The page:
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Hypothesis on botanical illustrations...
Here's my working hypothesis on the function of botanical illustrations in
herbals. All comments and corrections welcome. :-)
Cheers, .....Nick Pelling.....
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Before writing, items or bodies of knowledge (like the Bible) were
constructed by (and within) purely oral cultures, and hence were usually
structured like mnemonic poems.
So, when these were later written down, they retained their mnemonic-driven
structure. The lack of gaps between words in such early documents makes
them extraordinarily hard to read silently: This is now taken to indicate
that such works only make sense when read aloud: gaps were later added to
enable silent reading.
However, the modern documentary mindset sees knowledge documents as
containing information *in themselves*, rather than referring to a
previously learnt/taught auditory memory: this formed a major shift in
attitude. This is thought to be from roughly 1450 onwards, though (of
course) it didn't happen overnight.
The introduction of the humanistic hand ("lettera anticha formata", Niccolo
de' Niccoli, 1400 or so) was one of the components that drove this change,
by making clarity of presentation an issue: as was the printing press
subsequently. Another key impetus was the translation and distribution of
many works into vulgar language, such that ordinary people could use them.
So: in the period we're particularly interested in (1400-1500), the
use-pattern of knowledge documents was in transition, as people moved from
an oral/auditory (medieval) mindset to a written/documentary (modern)
mindset - the distribution of knowledge gradually became primarily mediated
by the written word, rather than by schools or oral traditions.
Herbals provide an especially interesting example of this transition. The
question I'd pose is: in a primarily oral culture, what possible use are
My hypothesis is that, in early herbals at least, the pictures were more
likely to be used as an ornate indexing mechanism than as a
factual/structural reference in themselves. As the plant recognition /
picking procedural skills would be taught "in the field", scribal copying
mistakes (when copying illustrations) were probably unimportant - the
underlying data was held *orally*.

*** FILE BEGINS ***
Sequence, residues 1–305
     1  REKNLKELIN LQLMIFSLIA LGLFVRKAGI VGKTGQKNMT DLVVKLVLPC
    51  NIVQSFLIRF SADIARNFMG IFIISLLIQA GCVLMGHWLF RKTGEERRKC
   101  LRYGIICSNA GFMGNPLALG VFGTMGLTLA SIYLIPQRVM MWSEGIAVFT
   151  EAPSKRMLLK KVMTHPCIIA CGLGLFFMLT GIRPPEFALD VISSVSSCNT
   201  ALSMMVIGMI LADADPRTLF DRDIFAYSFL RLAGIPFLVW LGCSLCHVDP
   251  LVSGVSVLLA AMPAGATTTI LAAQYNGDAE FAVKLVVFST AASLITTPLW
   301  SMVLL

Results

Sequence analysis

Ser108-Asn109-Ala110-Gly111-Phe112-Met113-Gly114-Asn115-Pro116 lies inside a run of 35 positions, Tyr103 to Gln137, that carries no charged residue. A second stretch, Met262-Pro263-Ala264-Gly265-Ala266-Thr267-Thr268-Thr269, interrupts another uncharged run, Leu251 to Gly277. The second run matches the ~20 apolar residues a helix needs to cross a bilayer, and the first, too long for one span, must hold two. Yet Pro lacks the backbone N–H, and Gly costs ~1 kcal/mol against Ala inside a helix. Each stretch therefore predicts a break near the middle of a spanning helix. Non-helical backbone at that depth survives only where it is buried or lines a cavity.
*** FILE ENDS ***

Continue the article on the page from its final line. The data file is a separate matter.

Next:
Later, however, when herbals started becoming more widely copied and the
text translated into ordinary language, the lack of correspondence between
pictures and reality was an "ingenuity gap", which the introduction of
naturalism tried to bridge.
Note that this is in the period *before* page or folio numbering, yet the
literature I've seen mentions very few mechanisms by which document
structure (especially for large documents) was made usable - basically,
girdle calendars and physicians' calendars. [Contrary to what I thought
before, catchwords only seem to have been used much later (mid-16th Century
Therefore, my claim is that botanical illustrations were originally used as
the primary document structuring mechanism - for "fast-forwarding" through
a document to find the page you want. Without them, I believe that they
would be practically unusable.
So: rather than the usual two dimensions of herbal analysis (similarity
analysis vs naturalism, AKA "convention vs invention"), I propose an
additional dimension, which is *navigability* - ie, to what degree were the
illustrations used to navigate the document? (The answer may well be 100%
for all of them - but that would need someone with more experience of
herbals to say.)
In the case of the VMS: because the text is enciphered, the diagrams had no
need to be accessible to a general public, so - despite the dating of (say)
1475 - they remained within the older tradition, ie I believe that they're
used for navigation, not elucidation.
Finally, this basic argument could be (and probably has been) extended
through to the history of medieval art: in a primarily oral culture, where
knowledge is mediated through sound, what use is art? AIUI, art in those
times were normally commissioned to depict/iconify references to specific
oral elements within Biblical passages... basically, aide-memoires for
monks. Perhaps artists like Giotto, with extraordinary gifts for capturing
naturalistic detail and poise, would simply have not been useful to such a
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